by Mike Monroe
When Gregg Popovich secured his 800th victory, he gave passing recognition to the accomplishment, sharing its significance with the only NBA organization for which he’s been a head coach.
“We’ve all achieved 800 wins,” he insisted. “I haven’t, really.”
Popovich is on the cusp of another milestone, having entered Saturday’s game against the Cavaliers with 897 career wins, about to join a select group of NBA coaches in the 900-win club.
When Popovich reaches the milestone, he’ll be the 12th coach in league history with that many wins. At least one of his contemporaries believes he stands above all of them.
Mavericks coach Rick Carlisle, the highly respected president of the NBA Coaches Association, asserts Popovich is the greatest coach in league history.
“I’ve said this before,” Carlisle said before Popovich and Co. beat Dallas on Thursday night.
“I think he’s the greatest coach in NBA history because he’s kept basically the same system, with adjustments, over 17 years.
“If you count up the number of different players who have been here, he has plugged that many different guys into it and still had wild levels of success, and then four championships, spread out over eight or 10 years, and they’re right on the cusp again.”
By unofficial count, 134 players have worn silver and black under Popovich. Each has learned he demands devotion to one guiding principle.
“It’s not about you,” said Stephen Jackson, in his second stint under Popovich. “It’s about the betterment of the team and organization.”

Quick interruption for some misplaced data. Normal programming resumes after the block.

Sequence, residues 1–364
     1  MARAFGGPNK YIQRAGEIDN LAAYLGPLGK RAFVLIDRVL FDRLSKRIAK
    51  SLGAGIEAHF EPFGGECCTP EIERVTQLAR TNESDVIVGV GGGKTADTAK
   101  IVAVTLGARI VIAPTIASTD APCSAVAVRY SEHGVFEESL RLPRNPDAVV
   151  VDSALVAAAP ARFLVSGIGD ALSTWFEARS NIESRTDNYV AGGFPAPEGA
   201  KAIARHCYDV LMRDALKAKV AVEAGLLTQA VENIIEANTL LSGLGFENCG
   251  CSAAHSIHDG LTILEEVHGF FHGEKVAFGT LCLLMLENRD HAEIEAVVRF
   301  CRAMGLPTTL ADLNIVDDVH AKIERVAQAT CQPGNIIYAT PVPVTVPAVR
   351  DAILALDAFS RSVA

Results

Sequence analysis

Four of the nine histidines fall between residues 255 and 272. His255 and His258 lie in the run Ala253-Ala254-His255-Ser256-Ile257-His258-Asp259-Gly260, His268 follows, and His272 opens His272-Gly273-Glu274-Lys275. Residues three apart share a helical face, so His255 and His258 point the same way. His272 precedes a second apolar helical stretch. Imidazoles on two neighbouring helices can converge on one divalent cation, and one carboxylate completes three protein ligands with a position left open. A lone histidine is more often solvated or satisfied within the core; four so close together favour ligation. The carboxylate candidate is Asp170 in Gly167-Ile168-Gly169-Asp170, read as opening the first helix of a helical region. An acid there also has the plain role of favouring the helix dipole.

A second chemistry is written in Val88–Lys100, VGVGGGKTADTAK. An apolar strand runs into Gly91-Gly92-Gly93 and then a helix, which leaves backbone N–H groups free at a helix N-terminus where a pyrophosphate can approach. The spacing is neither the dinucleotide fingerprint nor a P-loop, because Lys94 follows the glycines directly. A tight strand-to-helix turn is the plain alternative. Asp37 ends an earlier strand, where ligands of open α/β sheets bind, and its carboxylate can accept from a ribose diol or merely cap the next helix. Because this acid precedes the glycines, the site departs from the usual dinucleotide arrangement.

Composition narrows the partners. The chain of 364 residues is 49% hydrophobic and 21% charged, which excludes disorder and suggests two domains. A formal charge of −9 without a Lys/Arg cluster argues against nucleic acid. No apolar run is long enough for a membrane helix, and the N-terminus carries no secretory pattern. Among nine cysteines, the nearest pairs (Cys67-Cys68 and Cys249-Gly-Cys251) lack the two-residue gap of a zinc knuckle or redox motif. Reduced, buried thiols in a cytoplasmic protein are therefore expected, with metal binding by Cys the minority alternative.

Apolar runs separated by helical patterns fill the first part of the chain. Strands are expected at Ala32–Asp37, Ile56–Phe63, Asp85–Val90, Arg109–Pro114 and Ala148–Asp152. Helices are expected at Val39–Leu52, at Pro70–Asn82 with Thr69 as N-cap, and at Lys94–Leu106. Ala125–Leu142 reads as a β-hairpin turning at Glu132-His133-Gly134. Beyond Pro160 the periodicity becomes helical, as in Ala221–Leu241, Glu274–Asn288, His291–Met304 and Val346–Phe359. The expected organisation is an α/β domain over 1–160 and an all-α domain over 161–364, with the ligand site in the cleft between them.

Popovich calls this “getting over yourself,” something he learned at the Air Force Academy in the late 1960s. It’s not a concept easily absorbed by 20-something instant millionaires.
“What separates Pop is his communications,” Jackson said. “A lot of coaches don’t know how to talk to guys who make more money, how to get respect from guys, but the thing about Pop is he’s as real as they come. He don’t sugarcoat nothing.”
Something else separates Popovich from the 11 coaches in the 900-win club: None coached only one NBA team. This has given Popovich an edge most coaches envy.
“He’s very clear getting his point across and getting his team to do what he wants” said Manu Ginobili, whose free-flowing game initially clashed with some of Popovich’s principles. “If not, he’s not going to play you. There are a lot of coaches in this league that really can’t get that across because if you don’t have that much power in your franchise, and if you are not good with your star, you are gone.”
In 10-plus seasons with the Spurs, Ginobili has watched Popovich adapt the Spurs’ system to leverage personnel and league rules and trends.
“He’s a great student of the game,” he said. “He watches, he thinks, he tweaks things. He dedicates a lot of time to the game and has a great group of coaches.”
Carlisle has watched the Spurs morph from an inside-out team built around defense in the late 1990s and early 2000s into one of the league’s fastest-paced. But he is just as impressed by Popovich’s ability to get his team back among the league’s best defensively.
“From the perspective of how this team has evolved over that period of time, he has been an innovator in how the game is played,” Carlisle said. “He’s adjusted his system to his personnel, and they’ve been able to interchange parts and get younger at the right times, all those kinds of things.”
Link to rest of story: Spurs Nation
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